Edward Chen
Lab Affiliation(s):
Research Lab for Electronics, Microsystems Technologies Lab, Nanostructures Lab
Dirk Englund
Areas of Expertise:
  • microscopy
  • nanofabrication
  • quantum optics
Expected date of graduation:
September 1, 2016

Edward Chen

  • PhD
Edward Chen


  • Electrical Engineering and Computer Science

Lab Affiliation(s): 

Research Lab for Electronics, Microsystems Technologies Lab, Nanostructures Lab


Dirk Englund

Top 3 Areas of Expertise: 

quantum optics

Personal Statement: 

Quantum bits with long coherence times at room temperature will enable breakthroughs in the fields of quantum computation, communication and sensing. Currently, the most promising candidate for a room-temperature system is the nitrogen-vacancy (NV) defect center in diamond. My research area involves understanding the physics of the NV center specifically in the context of nanophotonics. I primarily work with nanometer-sized diamonds, and more specifically, focus on utilizing the spin properties in a nitrogen-vacancy defect (~50ppm) for applications such as magnetic sensors in biological and electronic systems, and as building blocks for scalable quantum communication systems.

During my graduate career, I have worked exclusively with NVs in diamond, which is effectively a trapped ion in the solid-state. The primary appeal of NVs is that the solid-state environment allows for fabrication of nanophotonic devices for enhancing light-matter interaction. This direction led to a recent publication for which I was an equally contributing first-author (“Coherent spin control of a nanocavity-enhanced qubit in diamond.” Nature Comm. 2015). In this paper, I demonstrated with my colleagues a Purcell enhancement of ~60 on a single NV, and coherent control of the NV spin out to 200 us. The next steps for this project are to make such cavity-enhanced NVs directly on integrated photonic devices containing beam splitters, along with high-efficiency superconducting detectors. This would constitute a full logical qubit with NVs, which is then potentially useful as a quantum repeater, or a one-way quantum computer.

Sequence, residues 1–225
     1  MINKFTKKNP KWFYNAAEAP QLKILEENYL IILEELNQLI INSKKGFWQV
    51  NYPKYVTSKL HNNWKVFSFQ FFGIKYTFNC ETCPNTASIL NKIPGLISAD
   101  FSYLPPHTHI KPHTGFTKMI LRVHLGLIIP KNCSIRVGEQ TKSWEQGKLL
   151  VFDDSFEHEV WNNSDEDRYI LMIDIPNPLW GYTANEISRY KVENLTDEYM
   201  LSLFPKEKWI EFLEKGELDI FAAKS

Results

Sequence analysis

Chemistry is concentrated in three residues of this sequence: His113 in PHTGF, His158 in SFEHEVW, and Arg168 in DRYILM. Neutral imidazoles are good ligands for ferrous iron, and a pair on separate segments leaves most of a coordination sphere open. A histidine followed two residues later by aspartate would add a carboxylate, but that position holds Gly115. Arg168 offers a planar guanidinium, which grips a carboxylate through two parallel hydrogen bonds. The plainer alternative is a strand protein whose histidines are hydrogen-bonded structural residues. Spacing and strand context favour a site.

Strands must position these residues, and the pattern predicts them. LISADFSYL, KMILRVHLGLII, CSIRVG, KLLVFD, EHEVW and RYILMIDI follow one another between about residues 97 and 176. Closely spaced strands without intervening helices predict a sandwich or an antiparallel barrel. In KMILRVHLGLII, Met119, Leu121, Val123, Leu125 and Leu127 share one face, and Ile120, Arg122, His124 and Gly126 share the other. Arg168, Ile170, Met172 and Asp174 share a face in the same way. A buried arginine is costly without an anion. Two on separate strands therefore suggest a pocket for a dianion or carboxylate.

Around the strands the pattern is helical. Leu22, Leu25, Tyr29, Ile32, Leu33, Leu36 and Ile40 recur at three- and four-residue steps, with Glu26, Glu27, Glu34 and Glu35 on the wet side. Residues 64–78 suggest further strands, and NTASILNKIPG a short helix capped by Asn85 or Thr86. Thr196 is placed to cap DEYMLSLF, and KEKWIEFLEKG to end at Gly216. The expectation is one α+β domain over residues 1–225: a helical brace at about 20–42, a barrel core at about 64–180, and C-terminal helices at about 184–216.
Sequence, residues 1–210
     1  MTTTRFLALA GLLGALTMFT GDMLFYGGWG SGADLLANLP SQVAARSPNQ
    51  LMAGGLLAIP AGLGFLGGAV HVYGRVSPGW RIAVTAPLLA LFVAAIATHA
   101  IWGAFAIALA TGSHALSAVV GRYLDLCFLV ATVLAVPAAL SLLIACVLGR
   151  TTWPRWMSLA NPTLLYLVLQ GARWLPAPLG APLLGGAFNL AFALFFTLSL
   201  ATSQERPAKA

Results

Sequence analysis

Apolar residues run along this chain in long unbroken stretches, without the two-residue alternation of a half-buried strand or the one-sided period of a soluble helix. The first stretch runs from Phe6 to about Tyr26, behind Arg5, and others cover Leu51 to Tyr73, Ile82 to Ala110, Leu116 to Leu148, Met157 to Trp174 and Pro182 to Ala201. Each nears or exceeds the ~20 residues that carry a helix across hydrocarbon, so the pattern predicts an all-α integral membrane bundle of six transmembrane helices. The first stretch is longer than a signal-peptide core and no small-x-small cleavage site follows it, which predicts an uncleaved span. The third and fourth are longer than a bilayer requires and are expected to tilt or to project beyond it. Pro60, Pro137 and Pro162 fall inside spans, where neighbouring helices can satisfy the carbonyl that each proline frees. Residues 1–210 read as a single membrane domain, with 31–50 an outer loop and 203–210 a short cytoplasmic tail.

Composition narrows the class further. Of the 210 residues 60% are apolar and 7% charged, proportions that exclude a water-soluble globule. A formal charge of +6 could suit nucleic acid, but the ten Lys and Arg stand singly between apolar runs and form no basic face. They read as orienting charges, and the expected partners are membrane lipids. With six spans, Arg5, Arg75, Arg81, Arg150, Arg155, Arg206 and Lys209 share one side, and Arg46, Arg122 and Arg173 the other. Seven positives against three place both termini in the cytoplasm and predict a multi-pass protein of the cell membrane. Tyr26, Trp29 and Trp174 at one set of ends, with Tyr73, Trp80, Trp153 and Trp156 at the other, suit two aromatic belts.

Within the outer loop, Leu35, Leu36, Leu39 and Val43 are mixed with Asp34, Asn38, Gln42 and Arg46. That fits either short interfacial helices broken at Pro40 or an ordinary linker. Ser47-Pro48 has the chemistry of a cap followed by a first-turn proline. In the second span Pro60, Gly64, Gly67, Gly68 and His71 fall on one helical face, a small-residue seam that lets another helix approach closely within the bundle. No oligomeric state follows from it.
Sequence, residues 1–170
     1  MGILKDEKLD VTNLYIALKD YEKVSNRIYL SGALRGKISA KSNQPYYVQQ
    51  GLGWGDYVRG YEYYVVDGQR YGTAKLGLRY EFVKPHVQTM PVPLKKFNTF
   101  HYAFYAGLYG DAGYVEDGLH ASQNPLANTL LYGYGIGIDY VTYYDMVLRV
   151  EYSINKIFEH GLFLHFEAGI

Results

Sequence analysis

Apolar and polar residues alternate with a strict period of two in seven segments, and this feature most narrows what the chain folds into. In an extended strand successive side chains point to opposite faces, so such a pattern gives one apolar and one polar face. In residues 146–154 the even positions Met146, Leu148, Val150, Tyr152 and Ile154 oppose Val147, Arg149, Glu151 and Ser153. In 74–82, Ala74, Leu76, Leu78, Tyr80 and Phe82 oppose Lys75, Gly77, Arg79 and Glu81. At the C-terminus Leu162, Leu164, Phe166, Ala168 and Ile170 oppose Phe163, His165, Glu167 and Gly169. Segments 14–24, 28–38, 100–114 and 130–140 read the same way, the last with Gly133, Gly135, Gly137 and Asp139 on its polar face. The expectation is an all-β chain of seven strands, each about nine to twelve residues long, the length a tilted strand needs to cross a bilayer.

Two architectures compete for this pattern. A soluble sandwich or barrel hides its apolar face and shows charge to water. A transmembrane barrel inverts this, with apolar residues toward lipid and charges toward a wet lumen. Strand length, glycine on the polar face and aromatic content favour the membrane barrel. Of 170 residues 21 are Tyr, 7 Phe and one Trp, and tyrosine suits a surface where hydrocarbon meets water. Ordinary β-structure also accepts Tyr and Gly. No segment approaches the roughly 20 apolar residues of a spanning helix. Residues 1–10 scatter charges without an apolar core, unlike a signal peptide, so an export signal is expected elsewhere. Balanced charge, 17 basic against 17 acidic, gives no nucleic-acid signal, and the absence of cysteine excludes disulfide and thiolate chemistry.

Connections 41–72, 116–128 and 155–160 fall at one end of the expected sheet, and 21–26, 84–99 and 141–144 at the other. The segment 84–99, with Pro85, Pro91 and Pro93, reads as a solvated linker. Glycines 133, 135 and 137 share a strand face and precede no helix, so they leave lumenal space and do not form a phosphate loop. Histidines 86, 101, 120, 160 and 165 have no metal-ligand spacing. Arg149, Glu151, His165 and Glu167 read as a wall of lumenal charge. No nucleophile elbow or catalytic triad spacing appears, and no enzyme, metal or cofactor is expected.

In addition to having experience with nano-fabrication, cryogenic measurements, and coherent spin manipulation of NVs in nanophotonic structures, I have also followed in the footsteps of previous ion-trappers in developing a super-resolution imaging technique for NVs (Nano Letters, 2013), and implemented grating devices for drastically increasing the photon collection efficiencies from single NVs (Nano Letters, 2015). 

I have also spent time outside of my own research managing several undergraduate and younger graduate research students, as well as being a co-organizer with fellow graduate students for a weekly seminar series for the NSF-sponsored Interdisciplinary Quantum Information for Science and Engineering (iQuISE) community on campus. Ultimately, I very much enjoy a highly collaborative environment, and expect the field of quantum information processing to catalyze transformations for many fields of science. 

I believe a lot of my experience with coherent control on NVs in nanophotonic structures can be readily translated into other quantum information technologies, especially since the FDTD simulations, electronic design, and optical characterization all share commonalities. I am anticipating a graduation date of September 2016, and would be interested in a full-time postdoctoral or research position by October/November of 2016. I look forward to hearing from you soon either by phone (626-872-5342) or by e-mail.